Scientifically known as halitosis, bad breath is often dismissed as something all dogs get, a symptom of their wild and woolly lives. This is unwise, as bad breath often emanates from much more seriousåÊdog health problems. If your pet is suffering from (or if you are suffering from)åÊbad dog breath you should consult a veterinarian.
Bad breath can result from a variety of causes. ItÛªs important to figure out what the cause of your dogÛªs bad breath is, so that you can address this problem. Here are a few examples of conditions that could lead to halitosis:
- Dental Problems: This is the most common cause of bad breath in dogs, especially in small dogs. When plaque builds from saliva, food, and bacteria, it causes the mouth to smell. GoodåÊdog dental care is essential in preventing this. If you donÛªt take care of your dogÛªs teeth problems, the situation could get much worse. A buildup of plaque leads to gingivitis, and if that is left alone, it could develop into periodontal disease. In addition to worsening your dogÛªs breath, this causes permanent damage and can potentially abscesses or tooth loss.
- Diabetes: Bad breath in dogs is sometimes caused by diabetes. If this is the case, the breath will have a sweet or fruity smell. It will also often be accompanied by more frequent drinking and urination than usual. If you suspect this is the case for your dog, you should take him to a veterinarian immediately to get a diagnosis.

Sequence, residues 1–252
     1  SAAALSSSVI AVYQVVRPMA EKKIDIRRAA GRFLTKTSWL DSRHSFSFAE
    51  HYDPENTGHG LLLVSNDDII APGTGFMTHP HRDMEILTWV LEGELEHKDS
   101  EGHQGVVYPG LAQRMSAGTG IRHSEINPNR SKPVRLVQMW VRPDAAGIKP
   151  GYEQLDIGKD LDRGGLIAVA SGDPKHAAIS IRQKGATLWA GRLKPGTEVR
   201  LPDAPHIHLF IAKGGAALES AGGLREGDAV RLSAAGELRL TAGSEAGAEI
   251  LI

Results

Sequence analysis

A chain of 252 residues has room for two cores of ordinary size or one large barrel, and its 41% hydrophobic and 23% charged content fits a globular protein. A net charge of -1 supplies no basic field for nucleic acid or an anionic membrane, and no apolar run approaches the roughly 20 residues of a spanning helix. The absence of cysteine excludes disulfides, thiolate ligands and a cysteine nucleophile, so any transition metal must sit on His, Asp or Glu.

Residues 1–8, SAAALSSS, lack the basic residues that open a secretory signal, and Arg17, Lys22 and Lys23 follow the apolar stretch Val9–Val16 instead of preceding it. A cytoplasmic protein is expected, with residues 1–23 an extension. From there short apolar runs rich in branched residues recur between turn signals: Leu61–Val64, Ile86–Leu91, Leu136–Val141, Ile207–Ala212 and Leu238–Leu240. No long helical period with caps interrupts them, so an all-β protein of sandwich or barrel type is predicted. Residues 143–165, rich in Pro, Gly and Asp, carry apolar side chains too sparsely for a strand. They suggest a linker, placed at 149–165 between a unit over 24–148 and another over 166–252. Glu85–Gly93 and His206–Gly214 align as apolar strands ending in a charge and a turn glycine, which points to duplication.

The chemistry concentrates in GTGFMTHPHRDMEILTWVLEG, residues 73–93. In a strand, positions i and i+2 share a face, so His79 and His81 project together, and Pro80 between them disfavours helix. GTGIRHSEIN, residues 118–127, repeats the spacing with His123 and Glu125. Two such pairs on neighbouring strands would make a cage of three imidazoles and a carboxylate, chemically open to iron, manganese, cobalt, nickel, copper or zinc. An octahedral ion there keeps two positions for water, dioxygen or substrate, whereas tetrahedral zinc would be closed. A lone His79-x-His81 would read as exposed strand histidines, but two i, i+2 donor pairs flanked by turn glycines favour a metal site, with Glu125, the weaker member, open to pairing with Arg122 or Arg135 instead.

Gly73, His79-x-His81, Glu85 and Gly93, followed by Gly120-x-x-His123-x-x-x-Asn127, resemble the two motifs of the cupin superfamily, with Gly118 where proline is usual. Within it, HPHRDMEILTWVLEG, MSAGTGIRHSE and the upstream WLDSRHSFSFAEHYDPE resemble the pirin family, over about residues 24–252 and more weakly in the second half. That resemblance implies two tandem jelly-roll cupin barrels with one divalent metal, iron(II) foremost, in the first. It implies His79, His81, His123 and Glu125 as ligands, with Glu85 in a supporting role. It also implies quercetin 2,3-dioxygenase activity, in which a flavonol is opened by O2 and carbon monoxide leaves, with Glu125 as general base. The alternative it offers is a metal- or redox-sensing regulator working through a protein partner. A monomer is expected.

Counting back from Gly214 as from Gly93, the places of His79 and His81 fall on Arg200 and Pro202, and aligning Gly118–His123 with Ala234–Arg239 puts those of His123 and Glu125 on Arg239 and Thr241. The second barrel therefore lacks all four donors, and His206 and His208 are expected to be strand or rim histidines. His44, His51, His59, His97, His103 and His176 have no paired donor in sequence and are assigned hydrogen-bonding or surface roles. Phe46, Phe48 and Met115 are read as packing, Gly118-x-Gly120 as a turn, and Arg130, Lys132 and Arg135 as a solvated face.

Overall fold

- Kidney Problems: Bad breath is also often an indicator of kidney problems. When this is the case, your dogÛªs breath may smell like urine. Kidney problems are very serious, and you should bring your dog to a veterinarian if you believe this may be the cause.
- Liver Problems: If your dogÛªs breath is abnormally bad smelling, and accompanied by vomiting, and yellowish eyes or teeth, this is a strong indicator of liver disease. Like diabetes and kidney problems, this should be treated very seriously, and a trip to the veterinarian is an absolute must.
- Other causes: Other potential causes of bad breath include gastrointestinal issues, cancer, sinus infections, or a range of other diseases. In any case,åÊbad dog breathis a warning sign and warrants a look from a veterinarian.
Since bad breath can signal a host of underlying problems, there is no one treatment for it. As a lack of properåÊdog dental care is the most common cause, often your veterinarian will simply recommend a professional teeth cleaning. Another common treatment is a modification in diet. If your veterinarian, however, determines a more serious cause of halitosis, it will require a more serious treatment and medication.
The key to keeping your dogÛªs breath smelling fresh (or at least as fresh as any dogÛªs breath smells) is to keep your dog healthy in all other aspects of his life, as breath is a good barometer foråÊdog health. GoodåÊdog dental care, a balanced diet, and a watchful eye will go a long way towards keeping your dogÛªs mouth fresh and his health in check.